Eli Dourado, a senior research fellow at Utah State University, joins Brian Anderson to debunk myths about the great stagnation, discuss new technologies that are on the precipice of unleashing growth, and detail the regulatory strictures and complacency that stand in their way.
Dorothy Moses Schulz joins Brian Anderson to discuss the 2021 mayoral candidates' proposals to reform the NYPD, the complex realities obscured by the rhetoric of reform, and the simmering problem of dangerous public transit.
Rafael Mangual joins Brian Anderson to discuss rising disorder in New York City, the city council's just-passed package of police reforms, the causes of the crime spike, and the future of public safety in U.S. cities.
Steven Malanga joins Brian Anderson to discuss New York City's massive expansion in government spending and hiring under Bill de Blasio, the potential long-term impact of Covid-19 on the city budget, and why the next mayor will face a fiscal nightmare.
City Journal's special issue, New York City: Reborn, is now available.
Nicole Gelinas joins Brian Anderson to discuss New York City's plan to replace the correctional complex on Rikers Island, how the city's transit system has fared amid the pandemic, the 2021 mayoral race, Governor Cuomo's problems, and more.
City Journal's latest special issue, New York City: Reborn, is now available on the website.
Charles Kesler joins Brian Anderson to discuss the divide between liberal and conservative visions of the Constitution, the "three waves of liberalism" that shaped America's twentieth century, and the future of the conservative movement, post-Trump. Kesler's latest book is Crisis of the Two Constitutions: The Rise, Decline, and Recovery of American Greatness.
Swedish author and scholar Johan Norberg joins Brian Anderson to discuss his new book Open: The Story of Human Progress, a finalist for the Manhattan Institute's 2021 Hayek Book Prize. Learn more about the Hayek Prize here.
Christopher Rufo joins Brian Anderson to discuss his recent work on critical race theory (CRT) in American schools, the whistleblowers behind much of his reporting, and President Biden's decision to revoke former president Donald Trump's executive order banning CRT-inspired training in the federal government.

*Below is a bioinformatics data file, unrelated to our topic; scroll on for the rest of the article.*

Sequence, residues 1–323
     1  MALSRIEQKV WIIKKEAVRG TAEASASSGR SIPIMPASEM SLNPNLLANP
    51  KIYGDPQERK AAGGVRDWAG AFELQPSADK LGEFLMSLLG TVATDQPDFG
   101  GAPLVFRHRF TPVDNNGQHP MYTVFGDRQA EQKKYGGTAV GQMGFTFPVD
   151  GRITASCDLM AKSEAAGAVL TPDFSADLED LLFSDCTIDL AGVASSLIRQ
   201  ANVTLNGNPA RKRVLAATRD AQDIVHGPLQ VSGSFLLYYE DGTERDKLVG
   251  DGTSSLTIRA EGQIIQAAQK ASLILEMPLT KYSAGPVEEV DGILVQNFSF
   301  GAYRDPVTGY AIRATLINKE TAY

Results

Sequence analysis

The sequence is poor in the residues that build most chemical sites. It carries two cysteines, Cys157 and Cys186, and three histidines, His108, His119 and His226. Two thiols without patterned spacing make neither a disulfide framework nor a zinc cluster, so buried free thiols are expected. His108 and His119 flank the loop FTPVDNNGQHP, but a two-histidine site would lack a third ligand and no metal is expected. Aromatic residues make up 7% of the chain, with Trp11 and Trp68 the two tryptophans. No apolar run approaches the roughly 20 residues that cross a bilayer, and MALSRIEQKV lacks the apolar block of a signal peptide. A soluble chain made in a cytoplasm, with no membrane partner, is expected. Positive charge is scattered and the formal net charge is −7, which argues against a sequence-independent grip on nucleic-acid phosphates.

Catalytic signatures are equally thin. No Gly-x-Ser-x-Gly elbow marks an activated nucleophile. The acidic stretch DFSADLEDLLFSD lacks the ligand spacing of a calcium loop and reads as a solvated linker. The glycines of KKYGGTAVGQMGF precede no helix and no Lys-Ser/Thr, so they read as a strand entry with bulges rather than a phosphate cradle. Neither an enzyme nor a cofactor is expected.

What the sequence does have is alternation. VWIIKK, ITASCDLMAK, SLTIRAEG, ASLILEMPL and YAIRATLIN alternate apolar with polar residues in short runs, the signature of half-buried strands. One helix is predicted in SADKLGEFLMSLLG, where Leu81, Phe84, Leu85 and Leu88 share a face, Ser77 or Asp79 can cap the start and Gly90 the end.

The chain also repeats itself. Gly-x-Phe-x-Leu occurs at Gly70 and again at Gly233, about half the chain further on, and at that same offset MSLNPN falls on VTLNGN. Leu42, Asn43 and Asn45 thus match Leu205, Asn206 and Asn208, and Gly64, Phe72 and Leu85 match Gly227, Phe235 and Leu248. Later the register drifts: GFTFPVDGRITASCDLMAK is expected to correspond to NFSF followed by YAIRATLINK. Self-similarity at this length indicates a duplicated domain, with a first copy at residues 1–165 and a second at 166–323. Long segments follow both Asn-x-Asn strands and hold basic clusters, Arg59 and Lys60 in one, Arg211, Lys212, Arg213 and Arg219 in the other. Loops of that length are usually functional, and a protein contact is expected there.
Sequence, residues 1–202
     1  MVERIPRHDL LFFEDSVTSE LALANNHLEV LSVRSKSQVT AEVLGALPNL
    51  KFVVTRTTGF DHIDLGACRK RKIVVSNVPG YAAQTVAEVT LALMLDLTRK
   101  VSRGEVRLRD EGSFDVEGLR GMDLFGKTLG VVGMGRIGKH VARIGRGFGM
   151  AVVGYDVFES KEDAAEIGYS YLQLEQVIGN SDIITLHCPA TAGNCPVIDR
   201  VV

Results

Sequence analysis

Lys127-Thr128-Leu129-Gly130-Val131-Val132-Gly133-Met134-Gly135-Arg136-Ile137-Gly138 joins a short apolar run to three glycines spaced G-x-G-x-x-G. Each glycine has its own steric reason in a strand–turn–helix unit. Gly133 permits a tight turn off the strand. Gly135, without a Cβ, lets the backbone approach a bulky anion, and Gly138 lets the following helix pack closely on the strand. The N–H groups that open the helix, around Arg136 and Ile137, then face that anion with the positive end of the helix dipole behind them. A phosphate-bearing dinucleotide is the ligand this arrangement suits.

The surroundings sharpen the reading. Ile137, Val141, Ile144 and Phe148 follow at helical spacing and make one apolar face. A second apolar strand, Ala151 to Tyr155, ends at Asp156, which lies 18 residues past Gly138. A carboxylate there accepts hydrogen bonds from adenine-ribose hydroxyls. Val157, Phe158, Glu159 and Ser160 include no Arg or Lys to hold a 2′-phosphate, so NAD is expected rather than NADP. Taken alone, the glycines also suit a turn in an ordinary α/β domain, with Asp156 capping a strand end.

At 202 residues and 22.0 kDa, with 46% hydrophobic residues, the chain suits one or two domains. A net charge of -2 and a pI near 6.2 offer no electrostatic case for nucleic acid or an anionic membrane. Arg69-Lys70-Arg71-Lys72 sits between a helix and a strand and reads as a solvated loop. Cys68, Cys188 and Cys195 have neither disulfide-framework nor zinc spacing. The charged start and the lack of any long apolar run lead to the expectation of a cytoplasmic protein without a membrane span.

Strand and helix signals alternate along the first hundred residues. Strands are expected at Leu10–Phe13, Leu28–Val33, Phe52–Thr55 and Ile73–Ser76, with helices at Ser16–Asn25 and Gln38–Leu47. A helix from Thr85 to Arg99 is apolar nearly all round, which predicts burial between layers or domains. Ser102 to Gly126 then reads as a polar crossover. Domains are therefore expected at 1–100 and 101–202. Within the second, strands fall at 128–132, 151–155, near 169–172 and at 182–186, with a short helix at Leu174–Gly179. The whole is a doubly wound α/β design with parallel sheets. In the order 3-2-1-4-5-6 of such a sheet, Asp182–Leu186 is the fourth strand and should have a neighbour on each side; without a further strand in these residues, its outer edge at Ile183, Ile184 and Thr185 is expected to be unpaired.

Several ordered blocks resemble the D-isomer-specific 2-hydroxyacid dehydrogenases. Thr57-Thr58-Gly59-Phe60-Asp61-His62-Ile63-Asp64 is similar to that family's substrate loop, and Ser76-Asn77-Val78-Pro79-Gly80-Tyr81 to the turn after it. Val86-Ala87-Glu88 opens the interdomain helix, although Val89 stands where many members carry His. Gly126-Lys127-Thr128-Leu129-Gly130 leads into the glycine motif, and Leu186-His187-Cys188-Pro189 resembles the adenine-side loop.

Read Rufo's series on CRT in American schools:
Seth Barron joins Brian Anderson to discuss New York governor Andrew Cuomo's handling of the pandemic, Bill de Blasio's time as mayor of New York City and the race to succeed him, and the condition of city politics today. Seth's book, The Last Days of New York, is due out in May.
Chris Pope joins Brian Anderson to discuss the balance of power on Capitol Hill, some major legislation that the new Congress is considering—such as a $15 minimum wage or a "Green New Deal"—and why Senate Democrats are unlikely to abolish the filibuster.
Rafael Mangual joins Brian Anderson to discuss why the Biden administration’s policy on law enforcement and prosecution could spell disaster for American cities, last year’s nationwide increase in homicides and shootings, and what New York’s progressive political class has planned for criminal-justice “reform” in the future.
Brian Anderson talks with long-time writers Heather Mac Donald, Steven Malanga, and Nicole Gelinas about how they came to the magazine, the issues that they have covered over the years, and the future of New York and other American cities. Fred Siegel also joins briefly to talk about City Journal's early years and its importance today.
The audio for this episode is adapted from a recent virtual event (watch here).
Physician Joel Zinberg joins Brian Anderson to discuss the slow rollout of coronavirus vaccines, why states like New York and West Virginia have widely different vaccination rates so far, and reasons for optimism that the pandemic's days are numbered.
Erica Sandberg joins Seth Barron to discuss how San Francisco's small-business owners are handling the city's latest lockdown, how new outdoor dining facilities became a magnet for the homeless, and whether California public officials who violate Covid restrictions will face political consequences.